Powering tomorrow begins with making changes today.
Authors: Jennifer McKellar, Heather MacLean and Joule Bergerson
Canada’s economic competitiveness is tied to the sustainability of its energy system.
JENNIFER MCKELLAR is an assistant professor in the Faculty of Energy Systems and Nuclear Science at the University of Ontario Institute of Technology. Her research focuses on developing tools for the techno-economic and environmental assessment of energy systems, both to help guide future research and to inform decision- and policy-making by government and industry. McKellar believes that our supply and use of energy impacts all the major factors of sustainability and therefore must be analyzed on a systems level.
Heather MacLean is a professor in the Department of Civil Engineering at the University of Toronto. Her expertise is in the evaluation of conventional and alternative energy systems, passionate about the topic of energy systems and improving their sustainability. She believes in its critical importance to society, the interdisciplinary, dynamic and challenging nature of the subject. She acknowledges that “we have much work to do in moving toward a sustainable energy system globally.”
Joule Bergerson is an assistant professor in the Department of Chemical and Petroleum Engineering at the University of Calgary. Her research focuses on systems-level analysis for policy and decision making of energy systems. Bergerson aims to develop tools and frameworks for the assessment of prospective technology options and their policy implications.
Carbon pricing is an essential first step.
Authors: George Hoberg and James Meadowcroft
GEORGE HOBERG is a processor of environmental and natural resource policy in the Faculty of Forestry at the University of British Columbia. He believes that helping Canada play a constructive role in addressing global warming is the most important thing he can do professionally.
JAMES MEADOWCROFT is a professor in the School of Public Policy and Administration, and in the Department of Political Science at Carleton University, teaching sustainable energy policy and global environmental politics. He holds a Canada Research Chair in Governance for Sustainable Development and his research focuses on reforms to structures and processes of governance to promote the transition toward sustainability. He loves his topic because “how we treat the environment really matters: for people today and in the future, and for the other species with whom we share a planet.”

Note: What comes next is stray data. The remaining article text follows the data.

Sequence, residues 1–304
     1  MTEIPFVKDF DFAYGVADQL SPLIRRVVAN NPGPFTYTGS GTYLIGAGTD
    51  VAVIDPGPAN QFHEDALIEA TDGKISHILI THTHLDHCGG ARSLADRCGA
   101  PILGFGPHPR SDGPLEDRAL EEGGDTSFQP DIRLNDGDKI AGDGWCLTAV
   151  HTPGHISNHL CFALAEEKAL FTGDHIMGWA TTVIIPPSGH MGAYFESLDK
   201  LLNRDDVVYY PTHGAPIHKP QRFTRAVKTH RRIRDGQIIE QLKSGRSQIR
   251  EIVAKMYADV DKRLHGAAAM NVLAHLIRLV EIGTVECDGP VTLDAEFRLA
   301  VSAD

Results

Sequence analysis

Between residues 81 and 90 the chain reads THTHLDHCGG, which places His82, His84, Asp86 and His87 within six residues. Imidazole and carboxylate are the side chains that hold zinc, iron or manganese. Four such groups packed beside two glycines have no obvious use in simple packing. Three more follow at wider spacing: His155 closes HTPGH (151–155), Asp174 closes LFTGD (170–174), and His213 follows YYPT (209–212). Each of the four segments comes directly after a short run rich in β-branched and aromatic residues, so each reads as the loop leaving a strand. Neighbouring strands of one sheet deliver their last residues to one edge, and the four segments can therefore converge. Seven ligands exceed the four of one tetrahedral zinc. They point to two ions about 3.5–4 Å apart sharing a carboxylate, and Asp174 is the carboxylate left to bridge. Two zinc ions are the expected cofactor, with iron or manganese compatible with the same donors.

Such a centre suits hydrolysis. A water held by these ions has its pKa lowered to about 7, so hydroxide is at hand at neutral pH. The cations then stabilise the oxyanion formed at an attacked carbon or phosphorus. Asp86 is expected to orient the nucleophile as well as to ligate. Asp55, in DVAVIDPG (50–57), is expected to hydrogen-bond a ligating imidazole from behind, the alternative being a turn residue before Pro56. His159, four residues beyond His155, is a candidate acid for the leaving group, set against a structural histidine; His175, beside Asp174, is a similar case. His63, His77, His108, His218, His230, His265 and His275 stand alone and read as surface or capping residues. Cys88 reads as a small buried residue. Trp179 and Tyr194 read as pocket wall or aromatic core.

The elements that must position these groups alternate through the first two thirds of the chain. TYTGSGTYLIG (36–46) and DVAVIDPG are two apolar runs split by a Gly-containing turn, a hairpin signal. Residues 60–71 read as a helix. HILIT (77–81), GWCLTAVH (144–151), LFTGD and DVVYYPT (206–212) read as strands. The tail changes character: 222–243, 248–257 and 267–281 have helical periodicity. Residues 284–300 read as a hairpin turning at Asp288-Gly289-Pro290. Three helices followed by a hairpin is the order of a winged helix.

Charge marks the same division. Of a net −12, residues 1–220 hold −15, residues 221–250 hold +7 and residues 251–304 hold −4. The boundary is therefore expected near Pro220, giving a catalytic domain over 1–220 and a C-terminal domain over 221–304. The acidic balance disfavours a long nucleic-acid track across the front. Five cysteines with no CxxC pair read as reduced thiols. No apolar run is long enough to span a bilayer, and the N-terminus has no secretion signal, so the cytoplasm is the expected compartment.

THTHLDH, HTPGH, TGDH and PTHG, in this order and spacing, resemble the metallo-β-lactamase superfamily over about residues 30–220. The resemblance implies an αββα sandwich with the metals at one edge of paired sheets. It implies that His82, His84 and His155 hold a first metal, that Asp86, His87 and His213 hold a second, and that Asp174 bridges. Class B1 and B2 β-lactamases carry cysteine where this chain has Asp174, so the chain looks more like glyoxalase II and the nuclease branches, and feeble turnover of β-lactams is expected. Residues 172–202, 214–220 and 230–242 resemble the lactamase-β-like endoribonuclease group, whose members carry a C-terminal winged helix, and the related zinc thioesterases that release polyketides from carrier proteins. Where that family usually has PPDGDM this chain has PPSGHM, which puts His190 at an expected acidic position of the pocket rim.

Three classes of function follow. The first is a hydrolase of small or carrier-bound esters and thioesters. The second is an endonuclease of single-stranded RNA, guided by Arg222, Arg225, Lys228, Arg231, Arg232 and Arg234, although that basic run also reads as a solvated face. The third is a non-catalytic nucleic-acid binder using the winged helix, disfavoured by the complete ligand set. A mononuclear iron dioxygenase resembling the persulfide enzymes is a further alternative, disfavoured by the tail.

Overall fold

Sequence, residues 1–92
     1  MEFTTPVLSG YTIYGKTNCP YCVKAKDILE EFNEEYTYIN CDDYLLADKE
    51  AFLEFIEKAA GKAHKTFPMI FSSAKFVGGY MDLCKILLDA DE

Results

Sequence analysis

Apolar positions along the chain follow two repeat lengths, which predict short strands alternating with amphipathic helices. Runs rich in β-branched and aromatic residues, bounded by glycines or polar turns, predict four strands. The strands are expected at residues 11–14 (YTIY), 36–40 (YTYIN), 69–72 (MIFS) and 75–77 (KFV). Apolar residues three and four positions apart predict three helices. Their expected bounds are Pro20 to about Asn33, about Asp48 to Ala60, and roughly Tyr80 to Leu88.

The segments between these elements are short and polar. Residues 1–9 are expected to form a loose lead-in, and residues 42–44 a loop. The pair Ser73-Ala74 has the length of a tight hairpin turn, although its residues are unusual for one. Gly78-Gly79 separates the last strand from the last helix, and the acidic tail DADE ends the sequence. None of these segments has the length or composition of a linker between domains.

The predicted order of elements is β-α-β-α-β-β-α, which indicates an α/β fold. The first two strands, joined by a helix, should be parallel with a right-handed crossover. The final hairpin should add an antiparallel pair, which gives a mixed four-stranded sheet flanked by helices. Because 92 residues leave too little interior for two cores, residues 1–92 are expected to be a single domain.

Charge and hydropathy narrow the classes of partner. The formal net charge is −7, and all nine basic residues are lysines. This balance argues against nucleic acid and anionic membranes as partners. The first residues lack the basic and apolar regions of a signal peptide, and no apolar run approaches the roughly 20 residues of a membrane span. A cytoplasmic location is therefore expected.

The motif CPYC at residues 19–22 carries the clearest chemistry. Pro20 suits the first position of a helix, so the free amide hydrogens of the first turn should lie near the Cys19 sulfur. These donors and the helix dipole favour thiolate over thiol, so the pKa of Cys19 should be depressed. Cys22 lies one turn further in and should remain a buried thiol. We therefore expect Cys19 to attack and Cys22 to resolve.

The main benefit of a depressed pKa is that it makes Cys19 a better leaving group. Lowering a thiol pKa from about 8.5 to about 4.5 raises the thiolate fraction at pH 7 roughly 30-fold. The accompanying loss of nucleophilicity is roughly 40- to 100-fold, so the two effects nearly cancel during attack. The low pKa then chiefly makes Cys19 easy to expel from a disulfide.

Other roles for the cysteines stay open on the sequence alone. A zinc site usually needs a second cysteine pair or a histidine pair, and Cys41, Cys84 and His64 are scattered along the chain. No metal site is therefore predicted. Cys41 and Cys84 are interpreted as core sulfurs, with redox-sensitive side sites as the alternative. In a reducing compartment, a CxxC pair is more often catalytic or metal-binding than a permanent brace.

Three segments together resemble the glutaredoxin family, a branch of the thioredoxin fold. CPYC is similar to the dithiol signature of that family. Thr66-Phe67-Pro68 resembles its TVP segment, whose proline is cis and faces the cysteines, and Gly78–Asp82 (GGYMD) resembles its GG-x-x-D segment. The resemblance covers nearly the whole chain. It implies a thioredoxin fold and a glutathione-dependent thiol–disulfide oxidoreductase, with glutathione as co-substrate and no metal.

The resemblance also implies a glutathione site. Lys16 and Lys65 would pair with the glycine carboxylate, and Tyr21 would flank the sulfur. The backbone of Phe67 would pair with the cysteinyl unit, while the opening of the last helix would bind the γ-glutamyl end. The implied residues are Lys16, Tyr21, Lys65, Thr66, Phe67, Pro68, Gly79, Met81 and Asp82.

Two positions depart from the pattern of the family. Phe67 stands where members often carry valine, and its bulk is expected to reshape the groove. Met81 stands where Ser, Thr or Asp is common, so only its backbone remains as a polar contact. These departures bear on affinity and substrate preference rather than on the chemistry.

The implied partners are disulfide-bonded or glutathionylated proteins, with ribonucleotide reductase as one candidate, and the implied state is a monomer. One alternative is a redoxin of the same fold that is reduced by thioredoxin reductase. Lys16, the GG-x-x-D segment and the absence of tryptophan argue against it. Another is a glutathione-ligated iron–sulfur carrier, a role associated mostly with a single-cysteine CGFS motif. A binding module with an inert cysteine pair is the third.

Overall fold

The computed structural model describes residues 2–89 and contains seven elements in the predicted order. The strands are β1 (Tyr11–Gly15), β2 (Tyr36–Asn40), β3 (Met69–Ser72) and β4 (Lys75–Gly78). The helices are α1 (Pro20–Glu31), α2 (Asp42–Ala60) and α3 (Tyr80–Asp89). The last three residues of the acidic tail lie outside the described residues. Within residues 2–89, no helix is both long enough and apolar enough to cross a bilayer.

Rethinking the extraction industry to improve ecological and social outcomes.
Authors: Martin Mkandawire and Ken Oakes
Growing societal scrutiny of mining practices might mean that resource extraction may simply not proceed outside acceptable and agreed-upon levels of environmental, societal and human health impacts.
Martin Mkandawire is an associate professor in the Department of Chemistry at Cape Breton University, and is a researcher at the Verschuren Centre. He holds an Industrial Research Chair in Minewater Management, and he specializes in environmental nanotechnology with research focus in mine water remediation and management.
KEN OAKES is an assistant professor in the Department of Biology at Cape Breton University, and is a researcher in the Vershuren Centre. He holds an Industrial Research Chair in Environmental Remediation studies the impacts of acid mine drainage from the former Cape Breton Coalfields on biological communities inhabiting local receiving environments. He says that he loves his work because it integrates the legacy of historical industrial activity with current treatment technologies and the goal of environmental remediation.
Managing Shared Resources
Collective community action is the best way to close the curtain on the Tragedy of the Commons.
Authors: Fikret Berkes and Taysha Palmer
Much can be learned from the management of local and regional commons to gain insight into managing global commons. The approach most likely to succeed is hard work on a case by case basis, according to Nobel Laureate Elinor Ostrom – but there is no panacea, no blueprint solution.